Businesses around the world have played with the idea of switching up work weeks by shaving off a day and adding more hours to others, and now a Chick-fil-A in Florida has also started the test.
The fast food location is based in Miami and, according to Justin Lindsey, owner and operator of the restaurant, the purpose is to improve a work/life balance.
"Work is very important, but it should not consume your life. For so long the restaurant industry has made it the norm to work 50+ hours a week & grind it out for minimum wage & poor benefits. I want to do my part to change that narrative," Lindsey wrote in a LinkedIn post a year ago.
The program actually started last year, but since buzz got around, the results have been impressive!
The workweek entails three shifts a week and pays above minimum wage at $17/hour. The regular minimum wage in Florida was raised to $11/hour in September, and is currently $7.98/hour for tipped employees, according to the Florida Restaurant & Lodging Association.
Justin Lindsey's post on LinkedIn. Justin Lindsey | LinkedIn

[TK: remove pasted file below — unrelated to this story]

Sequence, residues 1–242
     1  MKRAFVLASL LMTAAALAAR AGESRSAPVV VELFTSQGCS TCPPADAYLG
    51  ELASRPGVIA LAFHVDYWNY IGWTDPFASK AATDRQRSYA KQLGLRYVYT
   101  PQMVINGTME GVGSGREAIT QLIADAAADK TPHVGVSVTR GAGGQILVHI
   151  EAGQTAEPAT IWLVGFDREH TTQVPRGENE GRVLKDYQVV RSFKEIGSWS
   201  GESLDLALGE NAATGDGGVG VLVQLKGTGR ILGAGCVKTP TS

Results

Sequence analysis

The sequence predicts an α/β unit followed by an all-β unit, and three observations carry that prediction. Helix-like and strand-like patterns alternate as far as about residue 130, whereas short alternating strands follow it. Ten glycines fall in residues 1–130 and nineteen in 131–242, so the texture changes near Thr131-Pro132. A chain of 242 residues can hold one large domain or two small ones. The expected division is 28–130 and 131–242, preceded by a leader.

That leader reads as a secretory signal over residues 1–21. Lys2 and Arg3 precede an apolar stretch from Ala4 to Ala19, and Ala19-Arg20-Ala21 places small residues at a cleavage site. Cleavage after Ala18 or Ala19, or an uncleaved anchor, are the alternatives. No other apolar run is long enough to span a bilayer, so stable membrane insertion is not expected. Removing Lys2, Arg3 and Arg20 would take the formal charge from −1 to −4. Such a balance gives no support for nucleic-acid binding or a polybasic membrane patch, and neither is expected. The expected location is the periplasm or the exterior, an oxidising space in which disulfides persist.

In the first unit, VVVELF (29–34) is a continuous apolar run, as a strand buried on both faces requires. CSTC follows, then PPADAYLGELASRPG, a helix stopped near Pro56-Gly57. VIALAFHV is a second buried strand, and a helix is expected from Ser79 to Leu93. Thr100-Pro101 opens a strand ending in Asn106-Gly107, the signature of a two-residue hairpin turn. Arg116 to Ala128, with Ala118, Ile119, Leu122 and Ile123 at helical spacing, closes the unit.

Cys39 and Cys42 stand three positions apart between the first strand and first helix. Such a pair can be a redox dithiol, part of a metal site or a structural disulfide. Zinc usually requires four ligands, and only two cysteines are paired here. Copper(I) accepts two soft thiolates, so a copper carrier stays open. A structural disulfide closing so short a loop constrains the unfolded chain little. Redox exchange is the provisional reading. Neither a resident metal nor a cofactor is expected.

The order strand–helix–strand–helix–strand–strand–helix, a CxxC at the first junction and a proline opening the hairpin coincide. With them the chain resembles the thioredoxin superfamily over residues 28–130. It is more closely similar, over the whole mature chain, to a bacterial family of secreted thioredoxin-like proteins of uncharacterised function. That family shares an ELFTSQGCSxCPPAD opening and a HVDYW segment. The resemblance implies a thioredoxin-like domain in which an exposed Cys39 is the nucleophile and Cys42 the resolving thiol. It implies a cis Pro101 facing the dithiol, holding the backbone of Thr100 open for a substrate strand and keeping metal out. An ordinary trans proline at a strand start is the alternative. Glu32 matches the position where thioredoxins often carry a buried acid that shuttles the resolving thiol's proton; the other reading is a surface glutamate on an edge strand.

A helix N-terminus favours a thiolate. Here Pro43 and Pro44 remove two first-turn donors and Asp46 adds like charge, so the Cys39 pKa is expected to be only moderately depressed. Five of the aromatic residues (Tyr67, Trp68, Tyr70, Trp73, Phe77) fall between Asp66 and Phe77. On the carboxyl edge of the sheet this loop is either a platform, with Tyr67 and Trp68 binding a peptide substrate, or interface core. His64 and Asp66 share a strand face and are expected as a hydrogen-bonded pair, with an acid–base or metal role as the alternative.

Lindsey told QSR Magazine that the workweeks ended up coming out to 13-14 hour shifts (despite what the graphic above states) and his employees are broken up into "pods" to condense their schedules into three blocks. It ends up equaling 39-42 hours a week, which is considered full-time.
The owner of the branch told the Magazine that he had seen a 100% retention rate in management and an outpour of applications recently, which comes out to an interest of around 420 people in a single week.
"A full-time position I recently posted with a three-day work week received more than 400 applicants in one week. More than 40 of my restaurant’s leaders and Team Members have moved to the three-day workweek so far," Sarah Lively with Chick-fil-A Public Affairs emailed Narcity
The feedback online was just as positive.
"For people that go to school or have multiple jobs, This is a great idea. there aren't that many places that will work with your school schedule so something like this could help a lot of people," one user tweeted.
Others people mentioned how the principle wouldn't translate well into every industry, and the responses pointed out how perfect it was for the hospitality industry.
While there was some backlash from readers believing those days were too long, it others pointed out that the employees get more days off than they do on schedule.
About a year ago people commented on Lindsey's LinkedIn with curiosity about how it would work and at the time it was too early to tell. He now knows the power of giving his employees time off.
This article's cover image was used for illustrative purposes only.